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Google, Apple Threatened By U.S. Antitrust Laws That Helped Build Their Tech Empires

The Justice Department has launched a double-barreled antitrust attack on Google's dominant search and Apple's trendsetting iPhone.

People arrive at the recently opened Google building in New York, Feb. 26, 2024.
People arrive at the recently opened Google building in New York, Feb. 26, 2024.
AP Photo/Seth Wenig, File

SAN FRANCISCO (AP) — The U.S. Justice Department's double-barreled antitrust attack on Google's dominant search and Apple's trendsetting iPhone is reviving memories of the epic battle that hobbled Microsoft before it roared back to yet again become the world's most valuable company.

The parallels to the Justice Department's landmark antitrust case in 1998 could provide a window into the potential breakthroughs that could be unleashed if regulators succeed in their attempts to crack down on Google and Apple.

Federal lawyers have even gone as far as to assert Google and Apple may never have created so many popular products or become as powerful as they are now if Microsoft hadn't been reined in a quarter century ago.

In closing arguments of a Washington, D.C., trial that began last September, regulators Thursday will apply the finishing touches to a case alleging Google has turned its search engine into an illegal monopoly that stifles competition and innovation. The Apple case, which was only filed a month ago, is still years away from its resolution.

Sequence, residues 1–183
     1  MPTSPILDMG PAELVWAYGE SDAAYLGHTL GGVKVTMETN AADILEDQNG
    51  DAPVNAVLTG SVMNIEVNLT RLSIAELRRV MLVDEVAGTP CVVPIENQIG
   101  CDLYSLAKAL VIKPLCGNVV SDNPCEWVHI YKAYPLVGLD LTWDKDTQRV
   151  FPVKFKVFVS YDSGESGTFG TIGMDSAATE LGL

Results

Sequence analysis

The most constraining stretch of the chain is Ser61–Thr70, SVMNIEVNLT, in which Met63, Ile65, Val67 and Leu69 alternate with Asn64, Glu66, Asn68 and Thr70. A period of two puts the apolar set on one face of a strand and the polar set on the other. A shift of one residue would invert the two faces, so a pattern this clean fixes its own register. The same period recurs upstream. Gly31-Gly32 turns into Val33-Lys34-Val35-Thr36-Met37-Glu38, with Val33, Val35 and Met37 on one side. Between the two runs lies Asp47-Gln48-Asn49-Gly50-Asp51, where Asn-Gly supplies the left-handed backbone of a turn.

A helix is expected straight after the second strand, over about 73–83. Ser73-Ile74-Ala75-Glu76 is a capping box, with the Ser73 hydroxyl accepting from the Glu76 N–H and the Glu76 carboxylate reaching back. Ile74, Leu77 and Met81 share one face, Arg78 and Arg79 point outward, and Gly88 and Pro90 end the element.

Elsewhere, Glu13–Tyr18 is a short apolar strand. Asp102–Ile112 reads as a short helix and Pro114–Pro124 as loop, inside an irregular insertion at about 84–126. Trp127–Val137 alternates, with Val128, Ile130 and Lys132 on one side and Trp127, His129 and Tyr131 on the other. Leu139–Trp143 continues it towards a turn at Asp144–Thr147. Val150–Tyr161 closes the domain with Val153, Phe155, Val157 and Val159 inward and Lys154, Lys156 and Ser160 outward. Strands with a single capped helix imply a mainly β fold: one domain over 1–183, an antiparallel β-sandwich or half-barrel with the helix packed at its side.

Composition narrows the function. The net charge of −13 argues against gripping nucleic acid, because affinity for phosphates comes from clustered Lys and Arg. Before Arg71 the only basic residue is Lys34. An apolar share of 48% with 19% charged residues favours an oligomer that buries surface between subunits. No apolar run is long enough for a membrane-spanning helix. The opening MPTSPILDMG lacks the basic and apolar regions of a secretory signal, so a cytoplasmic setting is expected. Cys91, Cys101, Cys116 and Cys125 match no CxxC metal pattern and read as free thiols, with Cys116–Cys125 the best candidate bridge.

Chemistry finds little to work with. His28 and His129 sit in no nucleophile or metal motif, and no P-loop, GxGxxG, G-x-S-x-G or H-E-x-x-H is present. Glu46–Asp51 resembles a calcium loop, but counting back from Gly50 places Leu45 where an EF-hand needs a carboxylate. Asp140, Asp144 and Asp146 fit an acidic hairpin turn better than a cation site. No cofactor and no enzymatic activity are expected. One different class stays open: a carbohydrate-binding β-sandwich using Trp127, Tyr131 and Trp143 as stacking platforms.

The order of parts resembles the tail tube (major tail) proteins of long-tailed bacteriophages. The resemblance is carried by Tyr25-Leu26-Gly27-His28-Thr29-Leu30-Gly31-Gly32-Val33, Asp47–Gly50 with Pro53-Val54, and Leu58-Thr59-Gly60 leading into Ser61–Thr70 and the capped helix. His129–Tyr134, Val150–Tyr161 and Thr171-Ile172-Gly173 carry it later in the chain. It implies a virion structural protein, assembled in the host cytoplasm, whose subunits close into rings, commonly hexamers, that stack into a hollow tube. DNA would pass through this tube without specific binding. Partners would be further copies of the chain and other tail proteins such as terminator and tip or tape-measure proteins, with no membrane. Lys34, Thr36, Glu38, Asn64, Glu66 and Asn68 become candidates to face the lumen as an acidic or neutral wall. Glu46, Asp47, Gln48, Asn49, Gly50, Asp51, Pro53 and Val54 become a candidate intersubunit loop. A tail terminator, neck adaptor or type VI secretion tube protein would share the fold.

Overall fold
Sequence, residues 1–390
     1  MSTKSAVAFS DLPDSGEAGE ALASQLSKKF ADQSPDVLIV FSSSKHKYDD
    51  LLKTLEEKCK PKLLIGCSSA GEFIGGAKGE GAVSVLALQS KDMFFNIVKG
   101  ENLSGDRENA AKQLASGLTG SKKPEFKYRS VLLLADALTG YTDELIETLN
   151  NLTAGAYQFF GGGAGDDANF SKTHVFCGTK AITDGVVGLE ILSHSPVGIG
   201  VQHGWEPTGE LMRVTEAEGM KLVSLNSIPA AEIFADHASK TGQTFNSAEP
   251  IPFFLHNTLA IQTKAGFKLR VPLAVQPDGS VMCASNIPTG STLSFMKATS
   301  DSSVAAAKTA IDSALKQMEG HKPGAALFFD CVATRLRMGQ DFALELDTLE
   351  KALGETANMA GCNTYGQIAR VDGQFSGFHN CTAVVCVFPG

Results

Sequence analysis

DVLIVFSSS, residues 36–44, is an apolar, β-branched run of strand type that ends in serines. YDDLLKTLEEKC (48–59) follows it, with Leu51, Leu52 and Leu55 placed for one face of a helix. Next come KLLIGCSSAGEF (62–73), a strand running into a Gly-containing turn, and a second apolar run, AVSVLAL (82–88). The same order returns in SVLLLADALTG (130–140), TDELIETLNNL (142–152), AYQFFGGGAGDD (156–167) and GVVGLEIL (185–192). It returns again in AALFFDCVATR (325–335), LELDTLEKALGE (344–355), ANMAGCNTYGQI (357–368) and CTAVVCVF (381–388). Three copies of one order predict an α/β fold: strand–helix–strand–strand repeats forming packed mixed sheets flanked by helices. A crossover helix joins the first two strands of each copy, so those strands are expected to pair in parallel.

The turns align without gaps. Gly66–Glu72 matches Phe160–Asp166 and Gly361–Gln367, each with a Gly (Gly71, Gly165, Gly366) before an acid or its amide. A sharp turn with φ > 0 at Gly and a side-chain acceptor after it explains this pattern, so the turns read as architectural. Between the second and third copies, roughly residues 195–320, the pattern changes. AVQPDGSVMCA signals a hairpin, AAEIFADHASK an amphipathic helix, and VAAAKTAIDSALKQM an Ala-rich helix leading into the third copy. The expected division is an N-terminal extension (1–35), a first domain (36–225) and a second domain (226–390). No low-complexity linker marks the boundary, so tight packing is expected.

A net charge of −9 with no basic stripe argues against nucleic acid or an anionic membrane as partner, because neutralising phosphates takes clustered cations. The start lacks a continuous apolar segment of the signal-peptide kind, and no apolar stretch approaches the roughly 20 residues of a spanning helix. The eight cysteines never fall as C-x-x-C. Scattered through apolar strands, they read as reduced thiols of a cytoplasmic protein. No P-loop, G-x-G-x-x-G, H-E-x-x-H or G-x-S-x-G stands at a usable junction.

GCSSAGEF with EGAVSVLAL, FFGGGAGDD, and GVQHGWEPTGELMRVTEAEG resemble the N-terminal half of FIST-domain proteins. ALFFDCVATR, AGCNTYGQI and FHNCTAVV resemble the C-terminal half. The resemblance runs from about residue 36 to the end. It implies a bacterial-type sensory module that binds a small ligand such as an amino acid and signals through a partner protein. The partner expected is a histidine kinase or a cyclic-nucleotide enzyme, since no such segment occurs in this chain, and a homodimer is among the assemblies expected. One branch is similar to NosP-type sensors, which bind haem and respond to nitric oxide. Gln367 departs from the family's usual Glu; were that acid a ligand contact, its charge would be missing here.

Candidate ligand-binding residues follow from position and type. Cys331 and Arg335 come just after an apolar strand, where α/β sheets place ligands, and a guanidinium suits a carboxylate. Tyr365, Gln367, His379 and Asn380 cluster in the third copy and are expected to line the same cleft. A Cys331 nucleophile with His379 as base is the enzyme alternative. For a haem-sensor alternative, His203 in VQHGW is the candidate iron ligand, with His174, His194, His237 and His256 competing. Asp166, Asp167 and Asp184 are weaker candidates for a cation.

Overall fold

Although regulators have lodged separate complaints against Google and Apple, the two cases are shadowed by Microsoft's legal saga that began when both those were mere specks on the technology landscape.

When they went after Google in October 2020, regulators compared the lucrative deals that the company cut with Apple to lock its search engine into the iPhone and Safari web browser to the same tactics Microsoft deployed in its personal computer software to block competition.

And in the antitrust lawsuits that they filed against Apple last month, the Justice Department pointed back to complaints that company co-founder Steve Jobs had raised in 1998 against Microsoft's "dirty tactics" while urging regulators to take steps to force the PC software maker "to play fair."

And that is what the Justice Department did in an antitrust case against Microsoft that caused massive distractions that opened the door for Google's search engine to become the internet's main gateway. It also culminated in a series of concessions that paved the way for Apple to extend the reach of its iTunes music store that increased the popularity of the iPod that spawned the iPhone.

The Microsoft case "created new opportunities for innovation in areas that would become critical to the success of Apple's consumer devices and the company itself," the Justice Department crowed in the lawsuit that casts the iPhone as an illegal monopoly.

After years of mostly fruitless attempts to compete against Google's search engine and the iPhone under the leadership of Steve Ballmer, Microsoft began to regain its stride when Satya Nadella became CEO in 2014.